There were just two things on Paul Turner’s mind as he sprinted across the field early during the third quarter on Sunday, anticipating his first career NFL catch. 

Turner relayed them on Wednesday: 

1. “Make sure you get in [Carson Wentz’s] vision.” 

2. “You better catch this ball.” 

He did both. 

Turner, the 23-year-old undrafted receiver from Louisiana Tech, who has become a fan favorite since his stellar training camp and preseason, caught his first NFL pass during Sunday’s loss to the Bengals and it went for a big gain of 41 yards. 

On his first catch, the Eagles used the play-action to tilt the defense and Wentz threw a dart into a small window to hit Turner on an over route. Then, the rookie turned upfield with a ton of space in front of him. 

By the end of the afternoon, he caught six balls for 80 yards. It was the best receiving day for an Eagles rookie since Jordan Matthews in 2014 and was a better day than last year’s first-round pick, Nelson Agholor, has ever had. 

“It's always good to catch a few balls,” said Turner, who has been on the 53-man roster and active for just the past two games. “It gets your motor going and gets your confidence going. It just gets you more into the game and gets you excited. I think it does a lot for a person's confidence.”

Turner played 41 snaps against the Bengals in large part because Matthews was out with an ankle injury. Matthews predominantly plays in the slot, which is where head coach Doug Pederson and his coaching staff like Turner. 

“Honestly, that wasn't really my mindset going into the game,” Turner said when asked if he knew how much opportunity he’d have with Matthews out. “My mindset was to go in there and if my number was called, just go out there and make a play. Even if my number was called, just take care of my assignment and take care of the little details and I knew everything else would just take care of itself. I knew that if I got the ball, I'd be excited. But even if I didn't, just to go out there and just block, and give up myself for my teammates. That was my goal coming into the game and just try to stay focused on that.” 

It appears as though Turner has done enough to warrant keeping his playing time. As Matthews returned to practice on Wednesday — as a limited participant — Pederson said there will still be opportunities for Turner. 

“There are, there are,” Pederson said. “And these are things we talked about the last couple of days as a staff — getting Paul in there, even with Jordan coming back. I think it can be a benefit to the offense to have both of those guys ready to go.”

The Eagles still haven’t had more than four receivers active for any game this season. During the last two weeks when Turner has played, either Agholor or Matthews were out. 

“It means a lot that the coaching staff has confidence in me,” Turner said. “My biggest thing is just to come in here and just work each and every day in practice and just prepare in practice so I'm prepared when I go out there in the game.” 

MLB Notes: Aroldis Chapman rejoins Yankees on 5-year, $86 million deal

MLB Notes: Aroldis Chapman rejoins Yankees on 5-year, $86 million deal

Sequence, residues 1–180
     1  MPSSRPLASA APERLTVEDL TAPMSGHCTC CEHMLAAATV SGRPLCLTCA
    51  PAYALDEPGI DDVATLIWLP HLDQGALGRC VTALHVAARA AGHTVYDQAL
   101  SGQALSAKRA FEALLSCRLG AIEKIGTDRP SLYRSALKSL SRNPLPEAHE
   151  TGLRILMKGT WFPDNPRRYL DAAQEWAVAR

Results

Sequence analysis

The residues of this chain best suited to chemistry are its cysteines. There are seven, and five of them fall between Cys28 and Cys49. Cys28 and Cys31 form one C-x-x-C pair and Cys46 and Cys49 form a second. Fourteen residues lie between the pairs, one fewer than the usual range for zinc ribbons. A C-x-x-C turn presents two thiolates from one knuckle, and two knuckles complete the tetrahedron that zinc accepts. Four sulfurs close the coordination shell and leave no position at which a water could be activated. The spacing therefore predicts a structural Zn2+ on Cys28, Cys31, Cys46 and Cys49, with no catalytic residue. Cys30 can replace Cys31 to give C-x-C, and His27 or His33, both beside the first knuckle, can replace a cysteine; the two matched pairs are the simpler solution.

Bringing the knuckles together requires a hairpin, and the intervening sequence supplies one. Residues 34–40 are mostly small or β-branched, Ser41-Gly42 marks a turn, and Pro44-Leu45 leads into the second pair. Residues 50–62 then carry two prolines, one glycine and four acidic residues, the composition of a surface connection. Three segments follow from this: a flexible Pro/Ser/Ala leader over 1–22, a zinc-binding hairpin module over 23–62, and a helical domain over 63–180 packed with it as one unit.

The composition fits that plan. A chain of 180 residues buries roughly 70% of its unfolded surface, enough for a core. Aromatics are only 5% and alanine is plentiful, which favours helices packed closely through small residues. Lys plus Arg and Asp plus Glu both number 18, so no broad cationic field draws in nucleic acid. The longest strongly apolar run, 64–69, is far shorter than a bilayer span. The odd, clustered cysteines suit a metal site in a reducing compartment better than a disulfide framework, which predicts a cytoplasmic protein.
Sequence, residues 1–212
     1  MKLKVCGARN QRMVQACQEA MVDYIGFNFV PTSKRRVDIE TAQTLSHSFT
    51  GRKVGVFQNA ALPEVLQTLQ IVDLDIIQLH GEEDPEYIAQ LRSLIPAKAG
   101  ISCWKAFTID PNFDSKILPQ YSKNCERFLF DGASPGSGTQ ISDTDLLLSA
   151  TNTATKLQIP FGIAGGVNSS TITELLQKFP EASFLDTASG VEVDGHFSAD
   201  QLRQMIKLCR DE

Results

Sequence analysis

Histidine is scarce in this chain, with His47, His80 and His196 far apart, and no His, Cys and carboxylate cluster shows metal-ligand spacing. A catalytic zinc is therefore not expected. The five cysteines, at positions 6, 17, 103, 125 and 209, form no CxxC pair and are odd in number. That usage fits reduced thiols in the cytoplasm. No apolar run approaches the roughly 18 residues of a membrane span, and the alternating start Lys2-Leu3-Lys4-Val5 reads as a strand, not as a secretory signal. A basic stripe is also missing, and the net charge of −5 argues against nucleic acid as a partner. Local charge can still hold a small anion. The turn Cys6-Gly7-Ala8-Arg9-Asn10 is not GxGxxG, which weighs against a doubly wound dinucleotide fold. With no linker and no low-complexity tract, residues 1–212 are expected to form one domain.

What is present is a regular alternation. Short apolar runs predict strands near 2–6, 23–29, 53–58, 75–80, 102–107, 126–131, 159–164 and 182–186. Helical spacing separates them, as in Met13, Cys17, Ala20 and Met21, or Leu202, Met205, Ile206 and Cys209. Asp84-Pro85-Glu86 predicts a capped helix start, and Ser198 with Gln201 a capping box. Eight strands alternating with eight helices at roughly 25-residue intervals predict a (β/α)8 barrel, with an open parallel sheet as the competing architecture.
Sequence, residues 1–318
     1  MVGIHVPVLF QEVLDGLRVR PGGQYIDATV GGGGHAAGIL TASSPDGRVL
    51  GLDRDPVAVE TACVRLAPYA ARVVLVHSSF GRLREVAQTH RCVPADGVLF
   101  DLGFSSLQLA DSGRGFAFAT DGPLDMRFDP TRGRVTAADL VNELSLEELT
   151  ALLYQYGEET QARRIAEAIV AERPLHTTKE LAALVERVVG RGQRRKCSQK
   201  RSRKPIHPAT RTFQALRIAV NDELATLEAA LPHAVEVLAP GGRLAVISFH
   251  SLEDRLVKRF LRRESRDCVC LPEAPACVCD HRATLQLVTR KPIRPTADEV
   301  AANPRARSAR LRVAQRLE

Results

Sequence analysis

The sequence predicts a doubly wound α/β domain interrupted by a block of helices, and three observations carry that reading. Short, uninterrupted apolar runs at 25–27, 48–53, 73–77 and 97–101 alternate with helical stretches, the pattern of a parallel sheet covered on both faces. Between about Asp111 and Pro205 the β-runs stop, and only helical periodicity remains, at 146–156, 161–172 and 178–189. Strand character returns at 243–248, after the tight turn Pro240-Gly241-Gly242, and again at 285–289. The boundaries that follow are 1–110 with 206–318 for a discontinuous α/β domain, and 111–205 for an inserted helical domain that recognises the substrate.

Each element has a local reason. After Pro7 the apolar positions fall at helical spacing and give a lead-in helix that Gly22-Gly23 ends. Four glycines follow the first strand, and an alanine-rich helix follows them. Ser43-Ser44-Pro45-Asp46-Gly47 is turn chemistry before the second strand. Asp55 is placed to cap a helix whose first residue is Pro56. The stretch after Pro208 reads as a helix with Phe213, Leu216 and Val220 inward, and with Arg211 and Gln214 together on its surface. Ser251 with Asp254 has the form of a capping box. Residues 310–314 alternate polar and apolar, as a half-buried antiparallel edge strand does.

OXON HILL, Md. -- Aroldis Chapman found a spot in a most familiar bullpen -- a very rich spot, too.

The hard-throwing closer reached agreement to return to the New York Yankees on Wednesday night with the highest-priced contract ever for a relief pitcher, an $86 million deal for five years.

A person familiar with the negotiations told The Associated Press that the contract was pending a physical. The person spoke on condition of anonymity because the deal was not yet complete.

Once it's done, the 28-year-old lefty whose fastballs routinely top 100 mph would shatter the previous richest contract for a reliever -- that was the $62 million, four-year deal Mark Melancon signed with San Francisco just a couple days ago during the winter meetings.

Chapman was acquired by New York from the Cincinnati Reds last offseason, then missed the first 29 games of the season due to a domestic violence suspension from Major League Baseball. The Cuban was traded to the Chicago Cubs in late July and helped them win the World Series, becoming a free agent when it was over.

Chapman went 4-1 with 36 saves and a 1.55 ERA in a combined 59 games for the Yankees and Cubs. He struggled some in the postseason as the Cubs beat Cleveland for their first championship since 1908.

With the Yankees this season, Chapman teamed with Andrew Miller and Dellin Betances in one of the most dominant bullpens in baseball history. Miller was later traded to Cleveland, but Betances is still with New York.

Earlier this week, Yankees general manager Brian Cashman said the team was interested in both Chapman and fellow free agent closer Kenley Jansen. The Yankees had already made one deal at these meetings, signing slugger Matt Holliday, before paying a lot more to bring Chapman back to the Bronx.

Fox Sports first reported the agreement.

Rangers: Gomez reaches deal to stay with team
OXON HILL, Md. -- Carlos Gomez is staying with the Texas Rangers.

The outfielder agreed to an $11.5 million, one-year contract, a deal subject to a successful physical.

"Many of the objectives of the Rangers for Carlos go beyond one year," his agent, Scott Boras, said Wednesday. "Certainly Carlos really enjoyed the team and the environment and feels he's got a great chance to win. So I think both parties' objectives were met by that deal."

Gomez, who turned 31 last weekend, figures to play center as general manager Jon Daniels structured an outfield that includes Shin-Soo Choo in right and Nomar Mazara in left. Ian Desmond left Wednesday for a $70 million, five-year deal with Colorado.

Gomez batted just .210 with five homers in 85 games this year for Houston and was released by the Astros in August. He signed with Texas and hit .284 with eight homers and 24 RBIs in 33 games. An All-Star in 2013 and '14 with Milwaukee, Gomez has a .257 average and 116 home runs in 10 big league seasons.

"J.D. was very clear from the onset about them wanting Carlos back, and we've had communication since the season's end to pursue that," Boras said. "So it was something in our minds and in their minds. It was just a constant dialogue."

AP Sports Writer Howard Fendrich contributed to this report.

Red Sox: Sale not worried about being ace
BOSTON -- New Red Sox pitcher Chris Sale says he isn't worried that he might not be the ace of the pitching staff after being traded from the White Sox to Boston.

The 27-year-old lefty told reporters on Wednesday, "We play for a trophy, not a tag."

Sale was traded to the Red Sox on Tuesday at the baseball winter meetings. He was the top starting pitcher on the market, and the Red Sox gave up touted prospect Yoan Moncada as part of a package to land him.

Sale has been an All-Star for five straight seasons and finished in the top six of the Cy Young Award voting each time. He joins a staff that already includes 2016 Cy Young winner Rick Porcello and '12 winner David Price (see full story).